A substantial percentage of Lawrence's crew was new to the ship and undrilled. Lawrence himself had little experience with the ship. He nonetheless chose to engage Shannon, a ship with a much more experienced and well-drilled crew than the Chesapeake. The Chesapeake suffered early in the exchange of broadsides, having its wheel shot away and losing maneuverability. A large percentage of the officers and crew stationed on the spar deck, including Lawrence himself, were either killed or wounded in the initial exchange of broadsides and small arms fire. Lawrence was carried below, mortally wounded. The crew struggled to carry out Lawrence's last order, "Don't give up the ship! Fight her until she sinks!", but were boarded by the Shannon's crew and overwhelmed. Chesapeake was taken to Halifax for repairs, and was later taken into the Royal Navy. She was sold at Plymouth in 1820 and broken up. Some of her timbers were used to build Chesapeake Mill, a water mill in Wickham, Hampshire.

SPOILER WARNING:  Plot or ending details for "The Fortune of War and The Surgeon's Mate"  follow.

In the Canon

In The Fortune of War, while a prisoner-of-war recovering from wounds received in the action between Constitution and HMS Java, Jack Aubrey observes Chesapeake's arrival in Boston a few weeks prior to the action with the Shannon. During Aubrey's escape from Boston harbor with Maturin and Diana Villiers, it appears that they are pursued by a boat from the Chesapeake, but the pursuing boat turns out to be on a training exercise. The final chapter describes the battle between Shannon and Chesapeake. In The Surgeon's Mate, the arrival of Shannon and her prize, the Chesapeake in Halifax is described. O'Brian also alludes to the British Navy's burial of Captain James Lawrence in Halifax with full military honors.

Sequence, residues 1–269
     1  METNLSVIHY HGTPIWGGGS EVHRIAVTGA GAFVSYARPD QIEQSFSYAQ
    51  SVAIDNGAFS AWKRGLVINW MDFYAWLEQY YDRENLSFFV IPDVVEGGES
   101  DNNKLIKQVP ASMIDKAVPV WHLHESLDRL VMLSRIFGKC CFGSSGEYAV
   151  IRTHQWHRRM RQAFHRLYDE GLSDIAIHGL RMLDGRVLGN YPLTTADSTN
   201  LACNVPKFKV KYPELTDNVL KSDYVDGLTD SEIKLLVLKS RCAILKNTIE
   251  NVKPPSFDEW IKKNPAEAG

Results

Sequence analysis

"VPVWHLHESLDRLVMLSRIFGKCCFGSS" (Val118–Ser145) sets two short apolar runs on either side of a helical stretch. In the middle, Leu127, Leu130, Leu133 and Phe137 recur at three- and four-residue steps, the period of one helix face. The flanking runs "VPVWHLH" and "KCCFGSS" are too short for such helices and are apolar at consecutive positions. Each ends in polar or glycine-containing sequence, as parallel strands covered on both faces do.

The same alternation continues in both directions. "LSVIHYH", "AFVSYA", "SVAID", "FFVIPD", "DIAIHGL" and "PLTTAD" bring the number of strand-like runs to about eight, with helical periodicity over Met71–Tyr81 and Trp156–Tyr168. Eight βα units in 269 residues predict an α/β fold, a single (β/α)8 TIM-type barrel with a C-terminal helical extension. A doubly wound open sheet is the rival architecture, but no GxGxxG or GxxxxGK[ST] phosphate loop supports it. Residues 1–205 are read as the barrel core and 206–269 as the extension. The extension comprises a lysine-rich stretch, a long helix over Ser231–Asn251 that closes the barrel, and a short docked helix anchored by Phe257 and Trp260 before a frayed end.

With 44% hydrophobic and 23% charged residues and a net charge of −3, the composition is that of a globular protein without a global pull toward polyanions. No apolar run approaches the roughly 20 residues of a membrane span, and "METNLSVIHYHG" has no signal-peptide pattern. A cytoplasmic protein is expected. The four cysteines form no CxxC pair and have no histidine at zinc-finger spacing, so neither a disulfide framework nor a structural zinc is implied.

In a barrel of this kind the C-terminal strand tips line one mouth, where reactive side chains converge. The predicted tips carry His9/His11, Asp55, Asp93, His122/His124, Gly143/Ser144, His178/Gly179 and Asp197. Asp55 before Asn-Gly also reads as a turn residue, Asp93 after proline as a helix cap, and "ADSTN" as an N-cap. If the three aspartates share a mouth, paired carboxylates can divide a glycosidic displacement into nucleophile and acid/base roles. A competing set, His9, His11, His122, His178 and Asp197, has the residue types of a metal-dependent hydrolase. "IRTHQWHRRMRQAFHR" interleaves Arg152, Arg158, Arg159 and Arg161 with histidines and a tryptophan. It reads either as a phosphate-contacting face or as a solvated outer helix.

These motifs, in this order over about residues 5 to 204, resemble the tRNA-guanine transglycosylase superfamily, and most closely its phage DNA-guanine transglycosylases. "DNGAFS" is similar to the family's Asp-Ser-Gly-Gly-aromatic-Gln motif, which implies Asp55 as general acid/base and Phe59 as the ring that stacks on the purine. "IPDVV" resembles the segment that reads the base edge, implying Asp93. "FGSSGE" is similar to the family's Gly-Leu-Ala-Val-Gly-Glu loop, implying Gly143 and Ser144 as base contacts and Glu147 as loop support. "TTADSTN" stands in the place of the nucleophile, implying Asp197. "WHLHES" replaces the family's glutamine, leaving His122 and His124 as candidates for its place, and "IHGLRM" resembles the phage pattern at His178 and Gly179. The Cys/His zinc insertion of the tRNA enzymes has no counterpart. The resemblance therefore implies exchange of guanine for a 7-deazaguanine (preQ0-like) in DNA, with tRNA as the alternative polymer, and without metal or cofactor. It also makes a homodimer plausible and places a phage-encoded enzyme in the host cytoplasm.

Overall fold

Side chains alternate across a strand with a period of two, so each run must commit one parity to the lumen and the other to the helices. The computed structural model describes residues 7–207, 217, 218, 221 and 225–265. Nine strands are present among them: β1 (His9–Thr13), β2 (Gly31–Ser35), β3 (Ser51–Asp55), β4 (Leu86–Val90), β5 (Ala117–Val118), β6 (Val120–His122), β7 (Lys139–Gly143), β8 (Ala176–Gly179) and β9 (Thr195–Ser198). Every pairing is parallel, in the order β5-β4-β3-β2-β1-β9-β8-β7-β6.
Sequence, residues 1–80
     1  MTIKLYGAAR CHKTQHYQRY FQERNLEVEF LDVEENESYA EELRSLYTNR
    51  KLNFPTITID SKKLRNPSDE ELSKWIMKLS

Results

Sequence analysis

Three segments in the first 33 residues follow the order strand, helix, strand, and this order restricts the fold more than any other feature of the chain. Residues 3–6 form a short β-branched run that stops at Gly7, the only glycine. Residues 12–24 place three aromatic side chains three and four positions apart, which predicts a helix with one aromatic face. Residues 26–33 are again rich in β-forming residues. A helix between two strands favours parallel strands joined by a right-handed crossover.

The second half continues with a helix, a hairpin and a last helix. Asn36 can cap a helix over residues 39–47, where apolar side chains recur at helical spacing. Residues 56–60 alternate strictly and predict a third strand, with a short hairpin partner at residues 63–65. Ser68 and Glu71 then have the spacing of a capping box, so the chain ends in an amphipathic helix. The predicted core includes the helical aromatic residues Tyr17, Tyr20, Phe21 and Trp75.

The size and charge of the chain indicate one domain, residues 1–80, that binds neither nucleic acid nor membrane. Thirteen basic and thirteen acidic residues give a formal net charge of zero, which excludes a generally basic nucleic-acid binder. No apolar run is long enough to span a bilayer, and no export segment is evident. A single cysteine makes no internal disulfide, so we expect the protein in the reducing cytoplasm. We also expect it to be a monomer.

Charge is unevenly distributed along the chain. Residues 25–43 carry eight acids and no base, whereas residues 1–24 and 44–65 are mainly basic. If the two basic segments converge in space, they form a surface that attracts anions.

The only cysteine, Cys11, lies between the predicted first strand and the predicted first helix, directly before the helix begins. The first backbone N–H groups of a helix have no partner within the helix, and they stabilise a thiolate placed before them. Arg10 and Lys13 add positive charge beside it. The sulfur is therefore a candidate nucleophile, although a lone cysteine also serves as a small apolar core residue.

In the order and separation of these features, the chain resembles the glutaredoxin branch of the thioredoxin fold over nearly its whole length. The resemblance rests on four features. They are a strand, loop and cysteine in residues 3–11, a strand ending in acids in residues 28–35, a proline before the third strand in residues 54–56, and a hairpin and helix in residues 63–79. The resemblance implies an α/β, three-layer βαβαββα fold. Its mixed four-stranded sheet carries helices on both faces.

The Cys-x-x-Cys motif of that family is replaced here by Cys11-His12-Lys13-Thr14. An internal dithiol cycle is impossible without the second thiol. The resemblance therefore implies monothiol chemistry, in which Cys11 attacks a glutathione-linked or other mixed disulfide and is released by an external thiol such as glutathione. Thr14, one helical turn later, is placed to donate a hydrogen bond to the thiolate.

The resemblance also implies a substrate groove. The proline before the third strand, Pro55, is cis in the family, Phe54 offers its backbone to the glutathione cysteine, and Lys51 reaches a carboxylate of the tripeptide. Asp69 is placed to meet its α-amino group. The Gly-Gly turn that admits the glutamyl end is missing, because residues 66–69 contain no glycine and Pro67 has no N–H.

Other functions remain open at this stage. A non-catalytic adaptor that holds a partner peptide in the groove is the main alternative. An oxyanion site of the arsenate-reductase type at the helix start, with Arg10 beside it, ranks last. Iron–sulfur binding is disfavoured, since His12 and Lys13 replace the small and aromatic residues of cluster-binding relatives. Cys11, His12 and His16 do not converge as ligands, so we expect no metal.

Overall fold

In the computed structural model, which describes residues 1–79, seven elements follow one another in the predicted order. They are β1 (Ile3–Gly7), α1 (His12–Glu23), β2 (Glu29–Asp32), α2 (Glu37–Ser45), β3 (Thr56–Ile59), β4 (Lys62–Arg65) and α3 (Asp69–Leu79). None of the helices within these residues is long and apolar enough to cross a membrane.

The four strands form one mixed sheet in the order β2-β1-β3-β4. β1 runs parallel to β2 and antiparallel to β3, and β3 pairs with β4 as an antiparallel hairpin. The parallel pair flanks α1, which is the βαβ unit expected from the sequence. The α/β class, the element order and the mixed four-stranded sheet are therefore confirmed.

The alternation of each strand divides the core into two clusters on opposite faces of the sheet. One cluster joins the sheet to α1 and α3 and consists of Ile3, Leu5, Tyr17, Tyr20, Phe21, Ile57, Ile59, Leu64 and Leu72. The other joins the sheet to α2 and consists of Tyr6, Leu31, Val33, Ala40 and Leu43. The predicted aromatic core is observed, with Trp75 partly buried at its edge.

• Toll, Ian W., (2006) Six Frigates: The Epic History of the Founding of the U.S. Navy, New York, W.W. Norton.

  1. For more reading on U.S. Naval ship names, including discussion of the "USS" prefix, see the discussion at the U.S. Naval Historical Center, at the following link: [1]